My Mom’s Vegetable Lasagna
Though I mentioned my dad in the about section of this blog, my mom has made a huge impact on my cooking. Which makes for really interesting results considering how different her cooking style – Israeli, vegetable and olive oil based, quick, easy and light – is from my dad’s – French, butter and meat based, best when drawn out over days of stewing stocks and multiple strainings. My mom always jokes that she didn’t cook before she met my dad, and this is almost certainly true. Firstly, because she was a 17-year-old high school senior and second, because she grew up on a kibbutz. Not only did she live in a house with her classmates rather than with her parents, she never lived in a house with a kitchen. In those days, eating on the kibbutz was a communal thing and all three meals involved serving yourself cafeteria-style in the kibbutz’s dining room. And usually, especially in the ’60s and ’70s when the kibbutz was still largely agricultural and not very well off, the food sucked. Which sheds light on why my mum, unlike my dad, doesn’t really love food all that much.
Unless, of course, there’s cheese.
Israel does have a proud, if boring, tradition of cheese (I’m still searching for an adequate substitute to the ubiquitous and sublime g’vina levena), but her love of cheese goes way beyond that. Maybe it’s because she lived in Paris with my dad in the ’80s? Or maybe it’s from her time in London, where, still unable to cook, she subsisted on cigarettes (you know you did, mom!) and cheese sandwiches. Mmmmmm cheese.
One of the only relics from the London part of her years commuting back and forth between London (for school) and Paris (for love) is a sturdy little book, now definitely out of print, called The British Dairy Farmer’s Association Cookbook. I know what you’re thinking. I wish I would run over to the bookshelf now to show you some of the nasty pictures I remember from childhood. Dairy-based jello molds and fish (heads still attached!) drowned in beschamel. And if I wasn’t 384,581,990 miles away from Boston right now, I would. There was, however, one little gem in that otherwise wholly unappetizing book of milk: the vegetable lasagna.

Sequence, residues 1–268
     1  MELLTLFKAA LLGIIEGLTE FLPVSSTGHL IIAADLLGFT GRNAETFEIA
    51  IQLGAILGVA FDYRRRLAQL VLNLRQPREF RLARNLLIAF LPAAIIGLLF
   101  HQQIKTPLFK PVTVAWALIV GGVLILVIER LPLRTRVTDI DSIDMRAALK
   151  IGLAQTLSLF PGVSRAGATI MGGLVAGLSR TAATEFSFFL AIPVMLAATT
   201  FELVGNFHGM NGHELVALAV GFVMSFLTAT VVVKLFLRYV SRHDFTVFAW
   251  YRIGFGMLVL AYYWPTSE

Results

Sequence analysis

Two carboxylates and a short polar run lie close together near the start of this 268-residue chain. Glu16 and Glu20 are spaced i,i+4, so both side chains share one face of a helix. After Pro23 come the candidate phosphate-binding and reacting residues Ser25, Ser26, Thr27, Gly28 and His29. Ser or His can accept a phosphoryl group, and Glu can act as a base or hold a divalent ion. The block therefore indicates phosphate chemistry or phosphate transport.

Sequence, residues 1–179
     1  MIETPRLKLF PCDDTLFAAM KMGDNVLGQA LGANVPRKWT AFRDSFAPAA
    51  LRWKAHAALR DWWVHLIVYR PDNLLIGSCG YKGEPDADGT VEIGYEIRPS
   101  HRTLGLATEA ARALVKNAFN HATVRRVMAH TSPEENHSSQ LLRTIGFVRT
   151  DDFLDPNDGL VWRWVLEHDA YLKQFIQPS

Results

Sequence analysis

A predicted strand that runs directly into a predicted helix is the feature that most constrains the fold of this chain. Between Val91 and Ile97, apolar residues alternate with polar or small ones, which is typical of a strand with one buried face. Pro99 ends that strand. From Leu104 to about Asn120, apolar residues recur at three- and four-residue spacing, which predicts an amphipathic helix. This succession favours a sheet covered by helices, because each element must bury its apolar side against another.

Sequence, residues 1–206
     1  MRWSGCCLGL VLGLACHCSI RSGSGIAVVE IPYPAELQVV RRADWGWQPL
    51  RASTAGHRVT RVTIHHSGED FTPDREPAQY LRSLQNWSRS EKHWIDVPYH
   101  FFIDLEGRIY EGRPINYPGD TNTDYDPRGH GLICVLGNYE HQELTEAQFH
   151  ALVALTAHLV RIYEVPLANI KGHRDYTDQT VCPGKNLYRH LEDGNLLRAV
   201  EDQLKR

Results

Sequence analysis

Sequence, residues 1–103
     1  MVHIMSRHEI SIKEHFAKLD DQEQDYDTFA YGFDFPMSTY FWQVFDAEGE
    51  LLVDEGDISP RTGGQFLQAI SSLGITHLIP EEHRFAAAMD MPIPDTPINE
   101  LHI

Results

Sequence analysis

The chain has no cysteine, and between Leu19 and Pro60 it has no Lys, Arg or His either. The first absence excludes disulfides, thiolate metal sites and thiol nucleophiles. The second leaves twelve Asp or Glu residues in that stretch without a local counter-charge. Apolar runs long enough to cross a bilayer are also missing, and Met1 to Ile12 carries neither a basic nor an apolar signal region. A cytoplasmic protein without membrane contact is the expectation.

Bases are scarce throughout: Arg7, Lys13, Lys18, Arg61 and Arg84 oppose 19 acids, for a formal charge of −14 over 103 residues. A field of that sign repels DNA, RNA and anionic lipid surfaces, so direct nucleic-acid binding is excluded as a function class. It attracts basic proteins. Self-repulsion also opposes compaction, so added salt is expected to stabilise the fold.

In my house, the one I share with my delightful husband, we don’t call this lasagna because it in no way resembles the pride and glory of said husband’s hometown, Bologna. That out of the way, and with no disrespect to “real lasagna,” all you purists can shove it. Because no matter what Francesco says about the name and dubious origins, when this lasagna is on the table, there’s not a sound to be heard.
MOM’S VEGETABLE LASAGNA
This recipe is exceedingly forgiving (and exceedingly delicious), just use up whatever veggies you have rotting in the fridge. It’s usually the thing I turn to when A. those pesky vegetarians come over for dinner, B. a really large group needs feeding, or C. I miss my mumma.
It takes about 2 non-comital hours start to finish for this one-dish dinner. Oh, also: these amounts feed about 10 and may be too much for one casserole dish…I never back down…think of the leftovers!
8 carrots, peeled and sliced into rings
8 zucchini, sliced into rings
1 green pepper, chopped
1 onion, chopped
1 cup chicken (or vegetable) broth
2 cups cheddar cheese, grated (did I mention my mom loves cheese?)
2 tbsp butter
2 tbsp flour
1 cup milk
salt and pepper
more cheddar cheese
Saute the onion in a large stockpot in olive oil for 5 minutes. Add all remaining vegetables and broth; bring to a boil. Cook for approximately 10 minutes until veggies are pretty soft but not mush.
Meanwhile, cook lasagna noodles until just al dente and drain (or use the no boil kind).
In large casserole dish with some broth in the bottom, layer precooked lasagna noodles with veggies and cheese. Repeat layering.
To make roux, melt butter in a small saucepan. Add flour, stir for 1 minute. Remove from heat and gradually add milk. Return to heat, bring to a boil, and stir until sauce thickens. Add nutmeg, salt and pepper to taste. Add stock or pasta water if too thick.
Top with the roux and extra cheddar; cook at 375 F / 170 C for 30-40 minutes. Finish under the broiler for 3-4 minutes.
Let sit for 10 minutes before cutting and serving (unless you love lasagna soup).
Freezes beautifully and is great even better reheated!